18.54: Comparison: The futile pastime of the mind

by June 21, 2012

Comparing ourselves with others is a favorite pastime of the mind. As soon as people enter its familiarity perimeter, the mind starts comparing us with them.

However, unlike Krishna’s pastimes that lead to purification, illumination and inspiration, the comparison pastime leads only to contamination, obscuration and depression. Let’s see how:

  1. Contamination: If comparison makes us feel inferior to others, then we get victimized by an inferiority complex. If comparison makes us feel superior to others, then we get seduced by a superiority complex. Both these complexes contaminate our heart with self-centeredness and selfishness.
  2. Detention: Comparison may sometimes goad us to perform better, but that goading detains us at best in insecurity and at worst in futility. Even if we succeed in out-performing others, we remain insecure that someone may at any time out-perform us. If we fail to out-perform others, then we feel that all our efforts have been futile.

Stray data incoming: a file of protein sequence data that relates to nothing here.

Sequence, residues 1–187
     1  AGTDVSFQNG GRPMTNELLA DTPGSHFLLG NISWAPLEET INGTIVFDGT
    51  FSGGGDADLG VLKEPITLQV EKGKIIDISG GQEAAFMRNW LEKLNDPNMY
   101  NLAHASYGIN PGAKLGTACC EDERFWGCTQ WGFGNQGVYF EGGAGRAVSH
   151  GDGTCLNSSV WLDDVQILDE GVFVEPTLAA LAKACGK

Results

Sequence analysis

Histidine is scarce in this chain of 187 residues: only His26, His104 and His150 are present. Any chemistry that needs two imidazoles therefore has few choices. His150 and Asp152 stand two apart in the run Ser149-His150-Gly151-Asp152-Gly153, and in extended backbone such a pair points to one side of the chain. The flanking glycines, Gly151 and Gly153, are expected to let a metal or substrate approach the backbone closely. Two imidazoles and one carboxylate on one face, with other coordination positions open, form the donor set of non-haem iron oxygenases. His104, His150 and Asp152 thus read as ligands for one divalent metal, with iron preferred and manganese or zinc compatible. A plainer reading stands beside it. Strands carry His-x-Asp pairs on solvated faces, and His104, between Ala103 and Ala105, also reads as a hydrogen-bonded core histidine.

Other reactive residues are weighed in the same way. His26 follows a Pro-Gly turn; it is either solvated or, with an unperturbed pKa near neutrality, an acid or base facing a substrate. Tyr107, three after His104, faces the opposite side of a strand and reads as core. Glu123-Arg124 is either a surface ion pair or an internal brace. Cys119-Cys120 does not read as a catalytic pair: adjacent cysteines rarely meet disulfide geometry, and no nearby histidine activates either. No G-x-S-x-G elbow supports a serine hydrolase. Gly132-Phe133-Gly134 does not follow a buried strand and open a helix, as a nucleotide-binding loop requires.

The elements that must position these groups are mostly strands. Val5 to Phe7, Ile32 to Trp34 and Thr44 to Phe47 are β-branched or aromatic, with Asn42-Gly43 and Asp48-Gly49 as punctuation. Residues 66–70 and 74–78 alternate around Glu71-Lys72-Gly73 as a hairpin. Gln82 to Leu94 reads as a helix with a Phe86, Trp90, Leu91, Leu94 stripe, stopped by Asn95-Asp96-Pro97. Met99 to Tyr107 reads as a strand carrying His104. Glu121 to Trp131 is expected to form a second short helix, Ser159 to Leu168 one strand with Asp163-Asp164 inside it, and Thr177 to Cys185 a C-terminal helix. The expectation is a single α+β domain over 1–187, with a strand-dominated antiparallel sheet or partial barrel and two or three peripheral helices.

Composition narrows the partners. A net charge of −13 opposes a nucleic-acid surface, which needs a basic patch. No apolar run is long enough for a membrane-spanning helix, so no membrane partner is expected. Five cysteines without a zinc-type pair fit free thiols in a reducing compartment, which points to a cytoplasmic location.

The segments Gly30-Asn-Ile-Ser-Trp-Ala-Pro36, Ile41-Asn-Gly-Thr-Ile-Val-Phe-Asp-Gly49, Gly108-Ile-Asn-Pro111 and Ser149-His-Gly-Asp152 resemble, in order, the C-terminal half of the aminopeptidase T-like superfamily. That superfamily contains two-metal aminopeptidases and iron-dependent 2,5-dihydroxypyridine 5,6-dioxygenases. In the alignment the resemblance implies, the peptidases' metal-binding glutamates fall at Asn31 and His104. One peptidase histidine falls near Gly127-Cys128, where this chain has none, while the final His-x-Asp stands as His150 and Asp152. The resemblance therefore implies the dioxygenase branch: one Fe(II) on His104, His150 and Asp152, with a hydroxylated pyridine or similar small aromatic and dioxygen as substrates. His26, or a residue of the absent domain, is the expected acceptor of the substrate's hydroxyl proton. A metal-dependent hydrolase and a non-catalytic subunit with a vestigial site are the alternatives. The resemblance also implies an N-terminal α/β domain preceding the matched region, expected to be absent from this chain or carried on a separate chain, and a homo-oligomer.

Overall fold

3. Depression: The media exploits our mind’s addiction to comparison by holding aloft the best specimens within any comparison category: individuals with the best bodily contours, the best IQ scores, the best comfort levels and the best life-partners. Regular comparison with such ideal or idealized specimens makes us depressed, no matter how little or how much we have.

The Bhagavad-gita (18.54) indicates that when we focus on our spiritual identity: I am a soul whose happiness lies in loving and serving Krishna, then we realize that nothing material matters for our ultimate destiny. That realization enables us to see the futility of comparison, and empowers us to see all living beings equally, as parts of Krishna. This equal vision frees us to absorb single-mindedly and relish wholeheartedly the supreme joy of remembrance of Krishna and his pastimes.

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